Comparison of Chondrogensis in Static and Perfused Bioreactor Culture

Authors

  • David Pazzano,

    1. Center for Tissue Engineering, University of Massachusetts Medical School, Worcester, Massachusetts 01655
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  • Kathi A. Mercier,

    1. Center for Tissue Engineering, University of Massachusetts Medical School, Worcester, Massachusetts 01655
    2. Departments of Biomedical Engineering, Worcester Polytechnic Institute, Worcester, Massachusetts 01608
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  • John M. Moran,

    1. Center for Tissue Engineering, University of Massachusetts Medical School, Worcester, Massachusetts 01655
    2. Departments of Chemical Engineering, Worcester Polytechnic Institute, Worcester, Massachusetts 01608
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  • Stephen S. Fong,

    1. Center for Tissue Engineering, University of Massachusetts Medical School, Worcester, Massachusetts 01655
    2. Departments of Chemical Engineering, Worcester Polytechnic Institute, Worcester, Massachusetts 01608
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  • David D. DiBiasio,

    1. Departments of Chemical Engineering, Worcester Polytechnic Institute, Worcester, Massachusetts 01608
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  • Jill X. Rulfs,

    1. Departments of Biology, Worcester Polytechnic Institute, Worcester, Massachusetts 01608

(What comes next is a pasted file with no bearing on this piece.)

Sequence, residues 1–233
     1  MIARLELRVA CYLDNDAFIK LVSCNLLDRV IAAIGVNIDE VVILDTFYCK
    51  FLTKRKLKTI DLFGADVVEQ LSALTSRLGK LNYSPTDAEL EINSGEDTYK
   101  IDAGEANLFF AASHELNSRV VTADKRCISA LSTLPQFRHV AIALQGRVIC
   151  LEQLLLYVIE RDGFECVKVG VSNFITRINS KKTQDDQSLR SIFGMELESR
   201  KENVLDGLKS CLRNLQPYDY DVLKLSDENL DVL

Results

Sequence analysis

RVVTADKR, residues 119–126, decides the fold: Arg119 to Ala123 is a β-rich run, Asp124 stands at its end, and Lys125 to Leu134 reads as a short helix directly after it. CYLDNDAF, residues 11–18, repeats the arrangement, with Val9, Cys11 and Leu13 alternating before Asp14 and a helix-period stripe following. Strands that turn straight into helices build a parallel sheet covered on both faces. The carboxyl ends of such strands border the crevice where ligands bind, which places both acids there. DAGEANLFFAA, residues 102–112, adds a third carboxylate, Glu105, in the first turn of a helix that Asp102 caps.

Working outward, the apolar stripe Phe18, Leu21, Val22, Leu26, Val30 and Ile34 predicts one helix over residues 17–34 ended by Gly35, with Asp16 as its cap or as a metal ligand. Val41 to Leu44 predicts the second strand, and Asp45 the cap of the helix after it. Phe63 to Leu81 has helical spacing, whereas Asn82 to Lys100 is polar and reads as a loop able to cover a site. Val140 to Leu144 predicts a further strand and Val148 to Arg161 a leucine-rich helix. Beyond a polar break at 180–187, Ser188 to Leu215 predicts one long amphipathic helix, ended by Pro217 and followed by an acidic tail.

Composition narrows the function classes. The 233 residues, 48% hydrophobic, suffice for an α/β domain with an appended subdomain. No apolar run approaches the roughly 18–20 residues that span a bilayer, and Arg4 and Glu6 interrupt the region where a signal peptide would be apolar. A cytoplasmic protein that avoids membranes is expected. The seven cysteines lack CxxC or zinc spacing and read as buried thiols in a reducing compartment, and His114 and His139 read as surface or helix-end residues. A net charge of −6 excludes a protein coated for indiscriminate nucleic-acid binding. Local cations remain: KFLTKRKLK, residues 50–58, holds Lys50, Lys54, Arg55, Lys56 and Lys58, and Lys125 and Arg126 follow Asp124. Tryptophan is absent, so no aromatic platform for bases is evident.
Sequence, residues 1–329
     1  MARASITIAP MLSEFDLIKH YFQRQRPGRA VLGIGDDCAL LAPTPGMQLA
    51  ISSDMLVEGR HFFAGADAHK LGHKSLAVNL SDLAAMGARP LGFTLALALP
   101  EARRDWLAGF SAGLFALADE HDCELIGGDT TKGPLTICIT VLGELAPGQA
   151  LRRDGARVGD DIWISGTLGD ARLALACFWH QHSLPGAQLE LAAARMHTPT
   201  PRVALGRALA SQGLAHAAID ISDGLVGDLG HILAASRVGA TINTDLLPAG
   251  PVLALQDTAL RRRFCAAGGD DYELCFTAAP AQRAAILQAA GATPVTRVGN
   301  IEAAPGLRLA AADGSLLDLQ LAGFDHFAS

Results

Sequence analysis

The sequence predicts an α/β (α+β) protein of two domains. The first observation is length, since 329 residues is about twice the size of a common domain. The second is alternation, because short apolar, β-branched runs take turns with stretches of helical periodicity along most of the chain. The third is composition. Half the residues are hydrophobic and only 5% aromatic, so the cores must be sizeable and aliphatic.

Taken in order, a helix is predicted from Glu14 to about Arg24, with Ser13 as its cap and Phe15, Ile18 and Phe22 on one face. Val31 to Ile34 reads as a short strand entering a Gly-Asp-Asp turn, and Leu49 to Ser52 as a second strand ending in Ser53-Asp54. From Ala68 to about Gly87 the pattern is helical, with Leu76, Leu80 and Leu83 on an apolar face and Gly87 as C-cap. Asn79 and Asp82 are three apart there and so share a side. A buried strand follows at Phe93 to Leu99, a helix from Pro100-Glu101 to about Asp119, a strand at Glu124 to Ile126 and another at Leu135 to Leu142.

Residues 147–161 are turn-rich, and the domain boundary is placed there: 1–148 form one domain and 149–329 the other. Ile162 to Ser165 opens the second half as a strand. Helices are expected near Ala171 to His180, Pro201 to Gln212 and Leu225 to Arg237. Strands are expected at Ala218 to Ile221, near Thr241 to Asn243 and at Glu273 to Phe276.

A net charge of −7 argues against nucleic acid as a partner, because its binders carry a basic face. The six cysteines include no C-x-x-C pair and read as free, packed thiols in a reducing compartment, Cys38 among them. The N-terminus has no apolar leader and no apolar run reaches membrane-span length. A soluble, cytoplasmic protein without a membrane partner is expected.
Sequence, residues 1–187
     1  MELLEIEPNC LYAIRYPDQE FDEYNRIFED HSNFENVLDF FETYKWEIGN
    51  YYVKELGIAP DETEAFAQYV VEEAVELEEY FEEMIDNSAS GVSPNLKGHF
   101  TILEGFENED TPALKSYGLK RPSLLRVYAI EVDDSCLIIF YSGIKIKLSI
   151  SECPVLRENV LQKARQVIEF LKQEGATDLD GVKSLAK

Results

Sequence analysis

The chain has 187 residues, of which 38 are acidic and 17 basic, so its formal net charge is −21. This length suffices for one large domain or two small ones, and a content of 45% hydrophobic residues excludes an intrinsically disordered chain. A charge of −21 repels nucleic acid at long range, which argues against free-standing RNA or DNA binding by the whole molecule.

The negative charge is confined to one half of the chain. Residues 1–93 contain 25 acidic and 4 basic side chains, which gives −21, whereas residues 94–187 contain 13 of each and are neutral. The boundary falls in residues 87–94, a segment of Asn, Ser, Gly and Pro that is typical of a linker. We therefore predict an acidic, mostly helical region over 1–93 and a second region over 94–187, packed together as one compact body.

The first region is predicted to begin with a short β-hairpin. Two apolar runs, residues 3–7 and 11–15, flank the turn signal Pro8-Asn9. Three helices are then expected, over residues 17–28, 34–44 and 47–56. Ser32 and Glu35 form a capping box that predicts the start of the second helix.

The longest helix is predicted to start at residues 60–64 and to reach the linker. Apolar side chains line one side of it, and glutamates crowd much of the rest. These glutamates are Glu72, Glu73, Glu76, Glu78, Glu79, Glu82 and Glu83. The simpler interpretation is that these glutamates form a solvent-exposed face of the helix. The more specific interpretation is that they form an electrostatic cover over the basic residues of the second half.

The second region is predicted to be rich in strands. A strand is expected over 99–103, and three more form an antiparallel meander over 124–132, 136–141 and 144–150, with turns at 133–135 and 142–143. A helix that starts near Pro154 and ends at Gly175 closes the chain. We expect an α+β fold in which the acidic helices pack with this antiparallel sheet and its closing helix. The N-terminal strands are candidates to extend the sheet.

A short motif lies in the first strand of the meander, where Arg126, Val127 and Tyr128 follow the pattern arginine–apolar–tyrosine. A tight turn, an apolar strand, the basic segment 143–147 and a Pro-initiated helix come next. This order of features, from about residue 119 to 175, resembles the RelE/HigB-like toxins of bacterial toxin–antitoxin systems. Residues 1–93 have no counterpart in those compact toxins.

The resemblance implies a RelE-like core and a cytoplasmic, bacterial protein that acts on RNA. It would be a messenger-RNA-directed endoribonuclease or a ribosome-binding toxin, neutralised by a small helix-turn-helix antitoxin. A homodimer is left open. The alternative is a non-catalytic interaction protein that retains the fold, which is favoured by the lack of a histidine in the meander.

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  • Sean S. Kohles,

    1. Departments of Biomedical Engineering, Worcester Polytechnic Institute, Worcester, Massachusetts 01608
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  • Lawrence J. Bonassar

    Corresponding author
    1. Center for Tissue Engineering, University of Massachusetts Medical School, Worcester, Massachusetts 01655
    • To whom correspondence should be addressed: Center for Tissue Engineering, Room 32–725, University of Massachusetts Medical School, 55 Lake Avenue North, Worcester, MA 01655. Ph: (508) 856–5657. Fax: (508) 856–5911
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Abstract

As a result of the low yield of cartilage from primary patient harvests and a high demand for autologous cartilage for reconstructive surgery and structural repair, primary explant cartilage must be augmented by tissue engineering techniques. In this study, chondrocytes seeded on PLLA/PGA scaffolds in static culture and a direct perfusion bioreactor were biochemically and histologically analyzed to determine the effects of fluid flow and media pH on matrix assembly. A gradual media pH change was maintained in the bioreactor within 7.4−6.96 over 2 weeks compared to a more rapid decrease from 7.4 to 6.58 in static culture over 3 days. Seeded scaffolds subjected to 1 μm/s flow demonstrated a 118% increase (p < 0.05) in DNA content, a 184% increase (p < 0.05) in GAG content, and a 155% (p< 0.05) increase in hydroxyproline content compared to static culture. Distinct differences were noted in tissue morphology, including more intense staining for proteoglycans by safranin-O and alignment of cells in the direction of media flow. Culture of chondrocyte seeded matrices thus offers the possibility of rapid in vitro expansion of donor cartilage for the repair of structural defects, tracheal injury, and vascularized tissue damage.

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